The City of Falling Angels

by John Berendt

Cover image

Publisher: Penguin
Copyright: 2005
Printing: 2006
ISBN: 0-14-303693-9
Format: Trade paperback
Pages: 414

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John Berendt had made plans months before to come to Venice in early February for a couple of weeks during the tourist off-season, to explore the city when it wasn't full of sight-seers. Purely coincidentally, he arrived three days after a fire gutted La Fenice, one of the most famous opera houses in Europe. La Fenice, the fire investigation, and the complex politics and memorable characters surrounding it and a Venice restoration charity named Save Venice became the central thread that he followed through the city, and The City of Falling Angels is the result.

This is non-fiction that often reads like a novel. Berendt reconstructs and dramatizes events occasionally, putting the reader at the scene of the fire and other significant events in the stories he tells. He also tells his own story like a detective plot, following threads of personality and curiosity through Venice and the complex social structure and controversies of its upper crust. He has a knack for writing about remarkable, memorable people and finding ways to let them tell the reader what they care about and how they see their city.

Berendt also captures a remarkable sense of place. I came to this book knowing nothing about Venice, and now I not only would love to see it but I have a sense of its structure in my mind and some strong images of how parts of it may look. Berendt brings alive the canals, the tide, crumbling buildings, history layered on top of history, the damp, the complex twisty passages of the city, and the restoration projects. The view he shows is from the top: the rich, the former palaces, the well-to-do American and English expatriates, the poets and artists, and the restoration charities that appeal to royalty and the rich all over the world. He talks some of the daily life in the city but spends most of his time on the interplay of politics, socialites, and personalities. The Venice you see here is that of people whose money issues revolve around upkeep of thousand-year-old palaces. I did feel at times it was a touch skewed, but the portrait he paints is mesmerizing.

The City of Falling Angels takes its name from a sign posted in the 1970s outside a crumbling Venice church decorated with crumbling marble statues: "Beware of falling angels". It's a metaphor for the story and for Berendt's view of Venice, one steeped in history and inertia, crumbling and in constant need of restoration, covered in historical treasures everywhere one looks, and obsessed in ways good and bad with the past. The Fenice fire, the initial impetus of the story, starts as both a loss of history and a reconstruction project (talk of rebuilding started immediately after the fire), but then sinks into the murk of Venice politics, an arson investigation, and the difficulty of building or rebuilding anything. By the time the fire investigation is brought to a conclusion, Berendt has shown so many competing notions of history, so many complex feuds and suspicions, and so much inertia and back-channel communication that one doubts any event in Venice has a clear beginning and a clean resolution. The most memorable part of Berendt's portrayal for me is the weight of history and entanglement, the combination of crumbling fragility, historical significance, and powerful inertia carried by not just the architecture and decoration but by the people, the politics, the relationships, the neighborhoods, and the flows of money and society.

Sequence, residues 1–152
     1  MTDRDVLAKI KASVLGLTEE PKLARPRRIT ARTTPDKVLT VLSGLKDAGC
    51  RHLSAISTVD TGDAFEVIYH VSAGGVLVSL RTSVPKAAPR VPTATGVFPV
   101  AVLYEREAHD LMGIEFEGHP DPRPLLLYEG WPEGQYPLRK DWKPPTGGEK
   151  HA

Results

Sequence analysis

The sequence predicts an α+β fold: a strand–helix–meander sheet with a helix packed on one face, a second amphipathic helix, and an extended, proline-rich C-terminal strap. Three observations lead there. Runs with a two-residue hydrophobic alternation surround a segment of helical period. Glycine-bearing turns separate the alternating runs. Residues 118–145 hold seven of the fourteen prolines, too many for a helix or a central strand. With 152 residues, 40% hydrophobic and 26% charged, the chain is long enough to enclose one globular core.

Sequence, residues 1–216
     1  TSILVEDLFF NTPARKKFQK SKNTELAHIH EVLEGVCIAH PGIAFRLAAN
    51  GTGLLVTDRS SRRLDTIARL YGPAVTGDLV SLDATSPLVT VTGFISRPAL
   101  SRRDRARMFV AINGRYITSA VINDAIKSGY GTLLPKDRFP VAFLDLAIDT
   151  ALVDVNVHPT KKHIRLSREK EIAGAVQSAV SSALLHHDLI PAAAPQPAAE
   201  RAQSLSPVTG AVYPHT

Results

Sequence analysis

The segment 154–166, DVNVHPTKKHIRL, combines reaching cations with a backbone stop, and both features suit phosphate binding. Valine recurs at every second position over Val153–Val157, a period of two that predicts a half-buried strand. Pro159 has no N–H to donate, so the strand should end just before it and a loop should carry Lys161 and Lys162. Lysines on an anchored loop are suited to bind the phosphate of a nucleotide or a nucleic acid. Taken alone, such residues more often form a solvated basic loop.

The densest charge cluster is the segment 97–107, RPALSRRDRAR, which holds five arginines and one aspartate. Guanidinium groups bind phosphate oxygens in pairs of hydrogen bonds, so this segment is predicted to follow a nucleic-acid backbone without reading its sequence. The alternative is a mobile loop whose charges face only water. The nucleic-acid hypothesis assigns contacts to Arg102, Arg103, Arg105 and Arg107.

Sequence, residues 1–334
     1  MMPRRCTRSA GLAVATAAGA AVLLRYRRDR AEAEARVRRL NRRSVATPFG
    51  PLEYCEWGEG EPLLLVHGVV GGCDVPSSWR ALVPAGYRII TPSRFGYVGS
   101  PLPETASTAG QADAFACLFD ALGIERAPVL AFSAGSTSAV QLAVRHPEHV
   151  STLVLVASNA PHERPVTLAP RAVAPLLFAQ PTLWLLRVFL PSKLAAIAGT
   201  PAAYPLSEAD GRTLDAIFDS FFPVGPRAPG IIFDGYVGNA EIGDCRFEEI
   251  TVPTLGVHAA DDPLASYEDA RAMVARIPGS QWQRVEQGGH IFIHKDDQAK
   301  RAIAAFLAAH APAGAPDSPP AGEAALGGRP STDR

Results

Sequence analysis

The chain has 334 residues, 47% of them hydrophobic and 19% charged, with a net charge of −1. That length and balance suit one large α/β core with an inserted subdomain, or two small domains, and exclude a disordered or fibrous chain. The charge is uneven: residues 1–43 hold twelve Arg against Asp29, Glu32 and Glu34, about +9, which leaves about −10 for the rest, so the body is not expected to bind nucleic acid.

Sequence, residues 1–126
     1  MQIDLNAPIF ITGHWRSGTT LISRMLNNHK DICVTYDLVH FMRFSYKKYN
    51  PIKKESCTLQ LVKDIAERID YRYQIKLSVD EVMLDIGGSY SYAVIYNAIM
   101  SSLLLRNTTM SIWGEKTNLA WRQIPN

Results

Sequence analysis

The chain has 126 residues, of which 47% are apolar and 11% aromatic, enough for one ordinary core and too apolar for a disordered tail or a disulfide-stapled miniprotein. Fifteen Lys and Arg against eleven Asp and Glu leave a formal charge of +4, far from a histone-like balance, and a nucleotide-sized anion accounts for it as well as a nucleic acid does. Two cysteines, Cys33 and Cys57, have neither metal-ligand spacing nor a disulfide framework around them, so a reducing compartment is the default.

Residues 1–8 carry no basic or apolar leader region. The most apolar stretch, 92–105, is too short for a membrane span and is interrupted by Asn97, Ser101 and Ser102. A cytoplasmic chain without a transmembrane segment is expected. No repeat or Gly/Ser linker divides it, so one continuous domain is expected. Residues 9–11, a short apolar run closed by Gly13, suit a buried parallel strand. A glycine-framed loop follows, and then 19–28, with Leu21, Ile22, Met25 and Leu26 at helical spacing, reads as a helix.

I found it fascinating the degree to which Berendt shows Venice as influenced and even overwhelmed by those who are not natives. At the start, it's the tourists, who descend on the city bringing both money and problems. The tourists feed the pigeons and in some ways are the pigeons: huge amounts of money are made selling pigeon food, so the feeding of the pigeons cannot stop, but the pigeons are a plague on the regular inhabitants. Many would love to see them killed, or at least their numbers thinned, but then there are animal rights defenders who would be upset and money that would be lost. So a balance is found, with much of the balance being off any official record.

After the tourists, there are the restoration charities, again not native and again bringing money into the city, in part through highly expensive parties in and rentals of Venice's famous buildings. The charities bring their own politics and have to dance a careful dance with the locals, maintaining a close enough connection to work through Venice bureaucracy and to maintain access to the buildings and venues that draw rich doners.

Not all of this book is as compelling as the original description of the fire and its aftermath, and by the end of the book I was a touch tired of the interminable feuds over power and privilege between people in exhaulted social strata. But I think Berendt succeeds marvelously in conveying the complex and ambiguous attitude towards history and its preservation, the way those who want to preserve and control history are sometimes predatory on those who live inside it, and the need to step lightly and adroitly around the history that suffuses an old city. And, at a more basic level, Berendt paints a beautiful and evocative picture. This was good enough that I now want to read Midnight in the Garden of Good and Evil.

Rating: 8 out of 10

Reviewed: 2007-02-12

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